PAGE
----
Directed by David Felix Sutcliffe and Lyric R. Cabral
After working for more than 20 years as a counterterrorism informant for the FBI, ***** has a choice to make. He can stay home to raise his son or do one last high-stakes job for the Bureau. Infiltrating terror networks and befriending suspected terrorists is *****’s specialty. He is one of a growing number of covert operatives in America who straddle the murky line between preventing crimes and inventing them.
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★★★★ review by Matt Singer on Letterboxd
Provocative stuff. And even though the filmmakers never appear on camera, their perspective on these events and their bold filmmaking choices are present in every scene.
★★★½ review by C.J. on Letterboxd
I really, really hate throwing out this kind of criticism, but this could have been an incredibly powerful doc if it was short or medium length. The filmmakers get an incredible amount of access to their subjects, but their main one just isn't a particularly compelling personality due to his refusal to open up on camera. That leaves time for getting into his backstory, but it's not nearly as important or interesting as the film's "present." Later on the backstory makes more sense when it's put into the context of the film's overall message, but those first 40 minutes can be a drag to get through.
Those last 40 minutes though? Now that's just plain ol' great, immediate documentary filmmaking.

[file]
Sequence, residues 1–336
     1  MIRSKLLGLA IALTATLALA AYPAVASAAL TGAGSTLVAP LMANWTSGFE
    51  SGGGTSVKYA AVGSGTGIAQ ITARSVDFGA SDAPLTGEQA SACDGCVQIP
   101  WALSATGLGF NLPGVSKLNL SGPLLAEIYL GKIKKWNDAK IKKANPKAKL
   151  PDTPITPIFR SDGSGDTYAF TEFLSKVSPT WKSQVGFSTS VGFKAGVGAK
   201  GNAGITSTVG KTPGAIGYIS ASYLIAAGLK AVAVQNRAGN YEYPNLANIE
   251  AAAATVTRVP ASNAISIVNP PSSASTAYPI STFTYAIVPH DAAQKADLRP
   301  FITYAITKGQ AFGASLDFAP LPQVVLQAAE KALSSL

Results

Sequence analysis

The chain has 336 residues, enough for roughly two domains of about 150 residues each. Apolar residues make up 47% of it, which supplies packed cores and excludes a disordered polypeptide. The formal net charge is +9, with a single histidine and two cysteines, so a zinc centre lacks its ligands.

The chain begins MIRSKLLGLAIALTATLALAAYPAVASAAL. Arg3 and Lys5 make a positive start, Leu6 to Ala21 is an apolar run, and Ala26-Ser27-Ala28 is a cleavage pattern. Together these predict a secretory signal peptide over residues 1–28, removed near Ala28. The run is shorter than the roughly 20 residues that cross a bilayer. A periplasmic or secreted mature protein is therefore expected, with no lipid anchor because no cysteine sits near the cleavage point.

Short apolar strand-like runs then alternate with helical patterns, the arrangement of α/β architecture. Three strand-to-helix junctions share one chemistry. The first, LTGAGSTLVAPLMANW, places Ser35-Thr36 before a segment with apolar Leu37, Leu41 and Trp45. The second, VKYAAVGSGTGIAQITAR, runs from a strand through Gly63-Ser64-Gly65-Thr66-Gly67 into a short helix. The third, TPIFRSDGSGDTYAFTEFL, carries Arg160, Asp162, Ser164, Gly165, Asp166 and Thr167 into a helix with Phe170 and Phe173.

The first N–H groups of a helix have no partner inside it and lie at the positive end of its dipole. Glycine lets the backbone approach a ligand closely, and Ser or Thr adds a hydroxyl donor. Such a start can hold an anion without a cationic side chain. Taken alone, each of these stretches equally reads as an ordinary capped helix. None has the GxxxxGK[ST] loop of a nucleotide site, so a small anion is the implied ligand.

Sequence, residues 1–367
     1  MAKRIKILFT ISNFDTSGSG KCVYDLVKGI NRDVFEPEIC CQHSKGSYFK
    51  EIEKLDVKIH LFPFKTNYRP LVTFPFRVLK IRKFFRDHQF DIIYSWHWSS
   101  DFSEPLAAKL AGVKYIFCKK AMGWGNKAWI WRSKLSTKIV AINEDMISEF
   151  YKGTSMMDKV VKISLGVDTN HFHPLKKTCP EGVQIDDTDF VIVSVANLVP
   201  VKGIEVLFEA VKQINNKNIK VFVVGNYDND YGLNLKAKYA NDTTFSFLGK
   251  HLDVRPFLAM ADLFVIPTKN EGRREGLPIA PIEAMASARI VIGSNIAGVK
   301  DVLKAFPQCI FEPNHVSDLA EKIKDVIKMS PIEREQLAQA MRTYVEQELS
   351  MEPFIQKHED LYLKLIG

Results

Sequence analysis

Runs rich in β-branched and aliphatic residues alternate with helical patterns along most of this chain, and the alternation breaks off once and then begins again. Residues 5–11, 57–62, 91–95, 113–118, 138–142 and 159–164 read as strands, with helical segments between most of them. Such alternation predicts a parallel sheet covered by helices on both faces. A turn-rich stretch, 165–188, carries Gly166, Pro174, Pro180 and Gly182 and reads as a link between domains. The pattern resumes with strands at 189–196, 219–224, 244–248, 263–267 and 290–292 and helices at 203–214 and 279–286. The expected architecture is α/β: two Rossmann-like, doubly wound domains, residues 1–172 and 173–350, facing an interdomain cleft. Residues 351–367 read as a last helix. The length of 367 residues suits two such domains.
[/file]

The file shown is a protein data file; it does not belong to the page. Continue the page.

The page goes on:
★★★★½ review by Brian St. Denis on Letterboxd
Seems to be spinning its wheels until it pivots into something else entirely, at which point I was riveted. Along with Citizenfour, a bleak but vital portrait of post-9/11 America.
★★★½ review by SnowboardJunkie on Letterboxd
This is tough to give a fair review. Taken at face value it could easily be construed as a very scary scenario. Not one I would put past any government to concoct at some level. The problem is it's extremely slanted in how it reveals it's information. Often making certain information look like stone cold facts when in fact there's no proof that it's even in the ballpark. Never the less, it's intriguing and does provoke questions. Are the makers of this tightly wound documentary coming from neutral ground or is there some sort of agenda burrowed deep with in their motives (to find the truth)? Sadly there are many in America that will do any thing to disrespect it's leaders or lean so heavy in one political climate or another they will manipulate anything until it looks like a pretzel if it will sway the undecided or entrench the like minded. However if it's all 100% grade A truth, how deep does the rabbit hole go? I hope the makers of (T)error simply want the truth and this serves as a reminder that people in positions of authority need to be held accountable just like it's citizens. In fact they are held to a higher standard.
★★★½ review by David Raposa on Letterboxd
What's just as infuriating as the things Matt Lynch notes are those snippets of news coverage concerning the arrest, & the clumsy leading language & phrasing used to disguise the flimsy pretense of that arrest. Everyone's out to make a buck, from the counterterrorism suspect engaging in petty theft, to the ex-Black Panther trying to make ends meet for the sake of his son, to the news org looking to grab a few extra eyes with some sensationalized reporting, to the government trying to justify their campaign with a few ginned-up arrests.
FYC: The insert shots of Kalifah's possessions during his initial interview, ending with that shot of the coffee grinder.
FYC2: Me watching & reading too much spy fiction & thinking the consequences of Kalifah's discoveries were going to be more explosive (instead of just being existentially devestating).
FYC3: That double-down shot of the initial Homeland text being projected onto a shot of a stack of DVDs.
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